Mosquito Control

Some mosquitoes in and around your house can cause diseases such as Ross River Virus, Barmah Forest Virus and possibly Dengue Fever. It is the property owners’ responsibility to prevent mosquitoes from breeding on their property.

Reduce your property risk

The best way to ensure mosquitoes do not breed in your backyard is:

  • Tip it – tip water from containers and objects
  • Store it – store items away when not in use
  • Throw it – throw away items you no longer use

Check the following five breeding hotspots weekly:

  1. Ponding water

    Pools of still and shallow water attract mosquitoes wishing to breed. Fill them with soil or sand and plant over with grass or plants. Other areas where water can pool include bird baths, wading pools, boats and dinghies, flower vases, unstocked fish ponds and water holding plants (e.g. bromeliaeds and staghorns). Check these regularly to ensure water is not pooling or mosquitoes are not breeding.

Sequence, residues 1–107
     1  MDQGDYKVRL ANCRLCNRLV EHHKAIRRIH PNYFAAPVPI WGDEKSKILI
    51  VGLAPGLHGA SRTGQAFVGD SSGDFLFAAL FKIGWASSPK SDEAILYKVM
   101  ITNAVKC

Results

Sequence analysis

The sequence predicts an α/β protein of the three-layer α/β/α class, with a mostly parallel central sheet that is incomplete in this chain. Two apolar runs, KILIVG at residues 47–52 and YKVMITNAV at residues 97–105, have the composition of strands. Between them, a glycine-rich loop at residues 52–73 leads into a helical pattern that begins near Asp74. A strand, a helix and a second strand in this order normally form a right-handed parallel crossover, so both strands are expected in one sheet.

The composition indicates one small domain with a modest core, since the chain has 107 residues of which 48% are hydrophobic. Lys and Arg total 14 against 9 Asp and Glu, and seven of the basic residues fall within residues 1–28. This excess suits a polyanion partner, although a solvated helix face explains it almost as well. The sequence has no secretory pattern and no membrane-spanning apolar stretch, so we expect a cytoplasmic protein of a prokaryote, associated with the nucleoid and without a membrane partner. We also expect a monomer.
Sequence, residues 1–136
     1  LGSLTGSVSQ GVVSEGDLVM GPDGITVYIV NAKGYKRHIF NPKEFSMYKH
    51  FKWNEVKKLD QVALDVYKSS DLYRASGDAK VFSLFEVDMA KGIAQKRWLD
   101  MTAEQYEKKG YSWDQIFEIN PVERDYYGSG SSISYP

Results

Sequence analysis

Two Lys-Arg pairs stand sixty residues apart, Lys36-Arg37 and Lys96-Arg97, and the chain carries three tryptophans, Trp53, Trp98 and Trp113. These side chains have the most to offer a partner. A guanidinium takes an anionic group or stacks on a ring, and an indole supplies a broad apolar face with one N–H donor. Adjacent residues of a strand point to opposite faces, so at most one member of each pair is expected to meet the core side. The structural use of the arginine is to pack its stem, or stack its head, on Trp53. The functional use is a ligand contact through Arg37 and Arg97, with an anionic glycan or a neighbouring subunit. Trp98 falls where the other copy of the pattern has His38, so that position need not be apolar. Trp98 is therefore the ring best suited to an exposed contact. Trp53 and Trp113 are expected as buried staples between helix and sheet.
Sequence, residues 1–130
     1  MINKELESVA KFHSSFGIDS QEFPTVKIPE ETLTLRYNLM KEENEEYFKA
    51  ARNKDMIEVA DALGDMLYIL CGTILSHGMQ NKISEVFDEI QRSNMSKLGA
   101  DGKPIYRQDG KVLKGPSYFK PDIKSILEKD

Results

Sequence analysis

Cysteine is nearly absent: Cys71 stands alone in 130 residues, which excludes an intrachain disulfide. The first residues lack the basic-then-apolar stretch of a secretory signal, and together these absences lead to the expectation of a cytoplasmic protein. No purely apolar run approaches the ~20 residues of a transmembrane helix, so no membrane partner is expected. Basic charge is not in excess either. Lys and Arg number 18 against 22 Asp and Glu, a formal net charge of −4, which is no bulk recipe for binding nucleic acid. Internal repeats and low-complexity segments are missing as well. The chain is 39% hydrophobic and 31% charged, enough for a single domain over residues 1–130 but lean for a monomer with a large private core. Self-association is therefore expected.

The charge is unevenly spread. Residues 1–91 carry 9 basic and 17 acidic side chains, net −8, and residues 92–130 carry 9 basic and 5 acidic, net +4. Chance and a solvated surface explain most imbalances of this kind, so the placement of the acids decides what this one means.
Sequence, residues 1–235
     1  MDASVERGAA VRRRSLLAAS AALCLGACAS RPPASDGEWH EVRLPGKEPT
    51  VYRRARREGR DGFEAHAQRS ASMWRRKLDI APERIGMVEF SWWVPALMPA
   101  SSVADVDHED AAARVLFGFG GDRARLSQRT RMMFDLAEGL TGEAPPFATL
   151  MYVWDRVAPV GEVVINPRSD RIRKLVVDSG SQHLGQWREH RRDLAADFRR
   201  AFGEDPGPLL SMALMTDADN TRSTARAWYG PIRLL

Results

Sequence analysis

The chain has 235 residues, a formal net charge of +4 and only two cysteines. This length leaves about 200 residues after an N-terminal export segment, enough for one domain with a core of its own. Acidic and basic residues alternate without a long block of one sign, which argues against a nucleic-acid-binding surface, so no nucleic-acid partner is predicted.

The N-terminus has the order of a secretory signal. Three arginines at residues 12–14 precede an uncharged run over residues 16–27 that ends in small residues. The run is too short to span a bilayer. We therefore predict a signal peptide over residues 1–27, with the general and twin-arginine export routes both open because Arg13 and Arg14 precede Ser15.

2. Pot plant bases

    The shallow warmed water in pot plant bases is ideal for breeding – a pot plant base can support up to 150 mosquito larvae. Place sand in bases if possible to absorb extra moisture or empty bases regularly, wiping out to remove mosquito eggs.

  3. Blocked roof guttering

    Clogged or unmaintained guttering prevents rainwater escaping. Keep tree branches away from gutters and check gutters for leaves and obstructions regularly.

  4. Tyres

    Disused tyres can hold water and provide an ideal warm site for breeding. Dispose of old tyres appropriately or store undercover. Drill holes in tyres used as children’s swings to allow water to drain.

  5. Collections of rubbish

Collections of rubbish can hold small pools of water that mosquitoes can breed in. Dispose of all rubbish either in your refuse bin or visit one of council’s Refuse and Recycle Centres. Store items you are keeping undercover and ensure drums and containers capable of holding water are kept upside down.

For more information about how to control mosquitos, download the factsheet.